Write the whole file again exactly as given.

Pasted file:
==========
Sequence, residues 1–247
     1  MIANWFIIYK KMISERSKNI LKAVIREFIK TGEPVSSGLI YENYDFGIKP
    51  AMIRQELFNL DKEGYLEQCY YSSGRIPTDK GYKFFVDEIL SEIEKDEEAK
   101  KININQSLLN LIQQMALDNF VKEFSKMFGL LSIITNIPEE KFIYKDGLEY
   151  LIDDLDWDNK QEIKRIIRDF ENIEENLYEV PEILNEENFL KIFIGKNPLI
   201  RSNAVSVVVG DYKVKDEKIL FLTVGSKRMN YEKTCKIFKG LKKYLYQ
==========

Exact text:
Sequence, residues 1–247
     1  MIANWFIIYK KMISERSKNI LKAVIREFIK TGEPVSSGLI YENYDFGIKP
    51  AMIRQELFNL DKEGYLEQCY YSSGRIPTDK GYKFFVDEIL SEIEKDEEAK
   101  KININQSLLN LIQQMALDNF VKEFSKMFGL LSIITNIPEE KFIYKDGLEY
   151  LIDDLDWDNK QEIKRIIRDF ENIEENLYEV PEILNEENFL KIFIGKNPLI
   201  RSNAVSVVVG DYKVKDEKIL FLTVGSKRMN YEKTCKIFKG LKKYLYQ